No matter where you look in Southwest Washington, there’s the possibility for excitement and adventure.
Many of the opportunities require only an adventurous spirit and a willingness to travel off the beaten bath.
Interstate 5, which cuts through Western Washington, is the busiest roadway in the state. The Washington portion of the freeway begins north of the Columbia River on the Oregon border and stretches all the way to Canada.
Along the way, though, it misses some of the most scenic and spectacular wilderness areas in the country right here in Southwest Washington. Without exiting the freeway, travelers are deprived of incredible restaurants, one-of-a-kind shopping opportunities and some of the very best outdoor offerings in the country.
By taking a trip down U.S. Highway 12, adventurers and recreationalists will be amazed and inspired by the Mount St. Helens National Volcanic Monument, an area where, just 37 years ago, a powerful eruption captured the attention of the world and forever changed the landscape.
From the volcano, visitors will see the majestic snow-capped peak of Mount Rainier, the tallest mountain in the state. The active volcano rises above colorful meadows and sparkling rivers on the horizon. Inviting trails provide access to a diverse ecosystem that produces rare encounters with wildlife and awe-inspiring scenery.
The communities of Packwood, Randle, Morton and Mossyrock offer the fuel and sustenance needed to traverse these secluded havens with a full degree of comfort.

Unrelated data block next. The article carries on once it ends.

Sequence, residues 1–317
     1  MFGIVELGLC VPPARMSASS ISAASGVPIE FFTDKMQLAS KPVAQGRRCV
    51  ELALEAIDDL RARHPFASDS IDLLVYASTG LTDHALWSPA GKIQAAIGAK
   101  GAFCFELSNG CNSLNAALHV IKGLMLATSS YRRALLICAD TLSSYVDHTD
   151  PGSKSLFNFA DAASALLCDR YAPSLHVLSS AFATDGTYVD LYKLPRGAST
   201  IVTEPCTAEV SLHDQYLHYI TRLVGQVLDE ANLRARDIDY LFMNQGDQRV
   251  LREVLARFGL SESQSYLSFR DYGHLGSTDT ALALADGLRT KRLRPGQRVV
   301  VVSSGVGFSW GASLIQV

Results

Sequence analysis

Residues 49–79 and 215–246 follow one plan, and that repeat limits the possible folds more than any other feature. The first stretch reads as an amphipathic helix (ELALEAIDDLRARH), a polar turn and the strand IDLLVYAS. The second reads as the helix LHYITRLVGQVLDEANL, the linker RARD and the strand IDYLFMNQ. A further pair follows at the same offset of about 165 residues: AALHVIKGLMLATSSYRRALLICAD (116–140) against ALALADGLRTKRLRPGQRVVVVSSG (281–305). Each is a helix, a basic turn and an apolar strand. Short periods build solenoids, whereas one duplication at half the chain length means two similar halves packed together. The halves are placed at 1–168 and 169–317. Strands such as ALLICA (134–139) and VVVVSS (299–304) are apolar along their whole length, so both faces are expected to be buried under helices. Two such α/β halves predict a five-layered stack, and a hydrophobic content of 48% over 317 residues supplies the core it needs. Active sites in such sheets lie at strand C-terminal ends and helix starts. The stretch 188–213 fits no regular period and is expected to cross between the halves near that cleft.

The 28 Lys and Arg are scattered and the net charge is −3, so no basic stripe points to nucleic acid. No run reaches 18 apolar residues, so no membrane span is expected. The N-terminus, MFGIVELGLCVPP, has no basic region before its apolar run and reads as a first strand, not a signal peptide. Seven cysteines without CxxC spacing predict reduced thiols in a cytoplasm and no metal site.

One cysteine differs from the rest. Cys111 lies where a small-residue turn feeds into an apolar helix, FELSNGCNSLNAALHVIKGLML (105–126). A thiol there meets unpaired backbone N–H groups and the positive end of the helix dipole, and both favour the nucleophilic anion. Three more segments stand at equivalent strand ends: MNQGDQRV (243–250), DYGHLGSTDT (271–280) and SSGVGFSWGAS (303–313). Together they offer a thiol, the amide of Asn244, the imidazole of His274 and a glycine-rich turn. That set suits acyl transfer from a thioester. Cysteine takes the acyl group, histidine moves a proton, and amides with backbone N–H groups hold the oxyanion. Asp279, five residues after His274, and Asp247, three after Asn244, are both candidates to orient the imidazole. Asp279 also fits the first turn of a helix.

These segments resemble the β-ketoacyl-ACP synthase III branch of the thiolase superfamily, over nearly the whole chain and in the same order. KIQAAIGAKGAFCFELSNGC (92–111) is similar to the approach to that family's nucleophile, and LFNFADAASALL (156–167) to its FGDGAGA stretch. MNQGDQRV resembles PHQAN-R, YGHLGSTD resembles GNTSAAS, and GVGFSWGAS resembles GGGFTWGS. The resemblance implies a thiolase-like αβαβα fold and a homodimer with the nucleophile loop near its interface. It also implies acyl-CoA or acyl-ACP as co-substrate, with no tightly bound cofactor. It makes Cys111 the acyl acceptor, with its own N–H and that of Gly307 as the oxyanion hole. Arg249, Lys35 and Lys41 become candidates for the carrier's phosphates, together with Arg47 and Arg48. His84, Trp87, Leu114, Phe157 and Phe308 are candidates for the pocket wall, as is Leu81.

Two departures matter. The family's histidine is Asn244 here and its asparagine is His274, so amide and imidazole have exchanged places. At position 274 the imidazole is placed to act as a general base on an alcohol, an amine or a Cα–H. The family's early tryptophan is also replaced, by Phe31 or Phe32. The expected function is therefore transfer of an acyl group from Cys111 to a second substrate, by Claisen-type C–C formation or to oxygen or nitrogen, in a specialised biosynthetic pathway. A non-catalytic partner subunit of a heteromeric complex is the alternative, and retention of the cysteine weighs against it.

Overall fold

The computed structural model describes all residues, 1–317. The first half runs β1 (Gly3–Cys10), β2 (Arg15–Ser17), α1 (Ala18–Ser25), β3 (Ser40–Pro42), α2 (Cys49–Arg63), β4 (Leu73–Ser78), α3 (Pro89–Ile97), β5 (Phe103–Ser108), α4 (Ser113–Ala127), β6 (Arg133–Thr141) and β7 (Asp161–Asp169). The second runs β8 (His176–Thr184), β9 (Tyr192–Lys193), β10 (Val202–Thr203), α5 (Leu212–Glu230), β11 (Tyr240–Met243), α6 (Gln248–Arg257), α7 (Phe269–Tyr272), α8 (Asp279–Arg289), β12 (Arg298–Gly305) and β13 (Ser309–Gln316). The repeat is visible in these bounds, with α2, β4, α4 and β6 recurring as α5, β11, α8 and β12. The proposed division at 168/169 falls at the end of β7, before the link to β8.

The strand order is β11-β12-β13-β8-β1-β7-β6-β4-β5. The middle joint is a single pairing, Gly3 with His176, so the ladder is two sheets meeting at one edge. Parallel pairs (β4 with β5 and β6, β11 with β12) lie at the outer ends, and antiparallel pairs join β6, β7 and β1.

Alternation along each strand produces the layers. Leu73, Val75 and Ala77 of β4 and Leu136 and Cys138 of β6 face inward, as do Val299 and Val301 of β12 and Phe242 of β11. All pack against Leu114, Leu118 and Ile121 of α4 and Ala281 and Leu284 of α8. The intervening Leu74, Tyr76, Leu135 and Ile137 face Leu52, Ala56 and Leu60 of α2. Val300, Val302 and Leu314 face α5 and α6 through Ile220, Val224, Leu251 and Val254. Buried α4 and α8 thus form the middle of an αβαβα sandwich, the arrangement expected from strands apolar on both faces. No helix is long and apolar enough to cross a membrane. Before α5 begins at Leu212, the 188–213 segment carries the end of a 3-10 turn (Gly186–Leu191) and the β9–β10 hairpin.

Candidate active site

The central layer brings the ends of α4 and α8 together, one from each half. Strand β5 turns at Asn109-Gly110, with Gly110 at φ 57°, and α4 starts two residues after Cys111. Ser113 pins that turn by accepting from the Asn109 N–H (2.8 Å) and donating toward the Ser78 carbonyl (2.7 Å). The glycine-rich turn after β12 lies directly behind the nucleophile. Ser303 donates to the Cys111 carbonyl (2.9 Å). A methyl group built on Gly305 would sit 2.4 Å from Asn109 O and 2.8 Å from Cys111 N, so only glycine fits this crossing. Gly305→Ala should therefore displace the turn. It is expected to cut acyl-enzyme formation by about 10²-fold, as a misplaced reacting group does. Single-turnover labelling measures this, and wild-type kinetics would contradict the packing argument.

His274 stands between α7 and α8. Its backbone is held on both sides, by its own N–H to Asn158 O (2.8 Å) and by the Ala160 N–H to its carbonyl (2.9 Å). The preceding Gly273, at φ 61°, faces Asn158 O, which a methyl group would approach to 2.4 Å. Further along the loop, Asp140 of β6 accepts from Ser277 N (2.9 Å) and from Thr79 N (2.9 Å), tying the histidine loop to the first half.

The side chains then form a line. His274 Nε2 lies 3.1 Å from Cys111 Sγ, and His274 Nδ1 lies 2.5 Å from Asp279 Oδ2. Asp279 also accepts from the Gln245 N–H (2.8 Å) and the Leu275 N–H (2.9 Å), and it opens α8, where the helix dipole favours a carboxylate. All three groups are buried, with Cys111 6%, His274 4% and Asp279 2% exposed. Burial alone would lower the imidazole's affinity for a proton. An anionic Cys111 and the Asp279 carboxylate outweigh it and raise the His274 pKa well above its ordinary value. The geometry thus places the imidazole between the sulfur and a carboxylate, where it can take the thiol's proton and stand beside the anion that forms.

To the north, the bustling towns of Chehalis and Centralia await. Affectionately referred to by locals as the Twin Cities, these towns are the beating heart of Lewis County and a hub of activity in Southwest Washington.
Dine at some of the finest establishments in the region, or stop for a visit at one of the country’s largest ongoing rummage sales.
Further north, outdoors enthusiasts will find a handful of communities rich in history and ecological diversity. Stop by Wolf Haven for a peek at the elusive carnivores outside Tenino, or travel through the town to see the beautiful and ornate sandstone architecture that defines much of the city’s history.
These are just a few examples.
It would take much more than this introduction — and even more than a single tourism guide — to fully define all our area has to offer.
So use this guide as a starting point, and venture away from major roadways to see the interesting sights and grandeur of this blessed swath of Southwest Washington.